• Hours & Info

    (562) 495-0554
    M-F: 8:00am - 6:00 p.m.
    Sat: 9:00 a.m. - 12:00 p.m.
  • Social

  • Past Blog Posts

BIA Dismisses Respondent’s Appeal and Discusses §18.5 of the California Penal Code

The BIA found that the amendment to §18.5 of the California Penal Code, which retroactively lowered the maximum possible sentence that could have been imposed for a foreign national’s state offense from 365 days to 364 days, does not affect the applicability of INA §237(a)(2)(A)(i)(II) to a past conviction for a crime involving moral turpitude “for which a sentence of one year or longer may be imposed.”

Court Rules That Violation of Maryland Theft Statute Is Not CIMT

The Fourth Circuit held that Md. Crim. Law §7–104, which combines multiple theft offenses into a single statute, cannot categorically qualify as a CIMT under Diaz-Lizarraga and remanded for consideration for cancellation of removal.

Crime of Moral turpitude found

Assault with a deadly weapon or force likely to produce great bodily injury under California law is categorically a crime involving moral turpitude. Ceron v. Holder, 747 F.3d 773 (9th Cir. 2014) (en banc), distinguished.

Rulings on Sex crimes

Sexual solicitation of a minor under section 3-324(b) of the Maryland Criminal Law with the intent to engage in an unlawful sexual offense in violation of section 3-307 is categorically a crime involving moral turpitude.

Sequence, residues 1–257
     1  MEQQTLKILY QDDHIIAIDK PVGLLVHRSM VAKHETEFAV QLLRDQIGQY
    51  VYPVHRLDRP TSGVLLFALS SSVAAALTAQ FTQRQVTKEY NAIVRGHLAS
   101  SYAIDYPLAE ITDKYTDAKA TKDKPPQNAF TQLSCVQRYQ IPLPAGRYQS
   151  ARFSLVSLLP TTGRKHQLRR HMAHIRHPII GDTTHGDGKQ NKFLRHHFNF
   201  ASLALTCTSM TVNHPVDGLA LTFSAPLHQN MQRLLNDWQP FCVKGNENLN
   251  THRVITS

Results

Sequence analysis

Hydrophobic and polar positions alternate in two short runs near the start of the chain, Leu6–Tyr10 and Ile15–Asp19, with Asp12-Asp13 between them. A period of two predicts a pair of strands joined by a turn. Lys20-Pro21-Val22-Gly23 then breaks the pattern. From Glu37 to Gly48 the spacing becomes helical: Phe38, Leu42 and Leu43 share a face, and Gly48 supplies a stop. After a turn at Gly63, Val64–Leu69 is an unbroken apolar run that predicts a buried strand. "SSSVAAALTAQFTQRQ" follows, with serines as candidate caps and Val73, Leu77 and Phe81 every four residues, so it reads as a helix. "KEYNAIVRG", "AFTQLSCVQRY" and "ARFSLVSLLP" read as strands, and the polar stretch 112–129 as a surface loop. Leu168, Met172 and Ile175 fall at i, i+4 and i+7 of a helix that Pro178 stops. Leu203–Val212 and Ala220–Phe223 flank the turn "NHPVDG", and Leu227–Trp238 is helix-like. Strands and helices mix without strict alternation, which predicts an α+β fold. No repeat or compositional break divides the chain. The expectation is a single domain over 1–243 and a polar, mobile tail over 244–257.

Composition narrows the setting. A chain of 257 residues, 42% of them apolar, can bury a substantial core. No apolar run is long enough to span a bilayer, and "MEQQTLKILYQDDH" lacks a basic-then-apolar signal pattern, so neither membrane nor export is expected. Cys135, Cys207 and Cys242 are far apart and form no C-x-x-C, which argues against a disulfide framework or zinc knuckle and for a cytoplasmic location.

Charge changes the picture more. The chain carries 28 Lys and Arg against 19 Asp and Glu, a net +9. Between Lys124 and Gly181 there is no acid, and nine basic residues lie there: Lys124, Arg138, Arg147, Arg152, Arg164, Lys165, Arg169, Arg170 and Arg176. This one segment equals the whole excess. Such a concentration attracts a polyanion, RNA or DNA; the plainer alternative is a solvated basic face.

Is copyright infringement a crime involving moral turpitude

Matter of ZARAGOZA-VAQUERO, 26 I&N Dec. 814 (BIA 2016)
The offense of criminal copyright infringement in violation of 17 U.S.C. § 506(a)(1)(A) (2012) and 18 U.S.C. § 2319(b)(1) (2012) is a crime involving moral turpitude.

Crime involving Moral Turpitude

Petit larceny in violation of section 155.25 of the New York Penal Law, which requires an intent to deprive the owner of his property either permanently or under circumstances where the owner’s property rights are substantially eroded, is categorically a crime involving moral turpitude. Matter of Diaz-Lizarraga, 26 I&N Dec. 847 (BIA 2016)

Committed a crime?

Where the petitioner was charged with removal on the basis of his 2000 clock-stopping crime involving moral turpitude (CIMT), the Third Circuit found that Nelson v. Att’y Gen., notOkeke v. Gonzales, controlled. As such, the court held that the commission of the CIMT permanently prevented the clock from restarting, and that the petitioner could not accrue the requisite period of continuous residency when he re-entered the United States in 2003.

%d bloggers like this: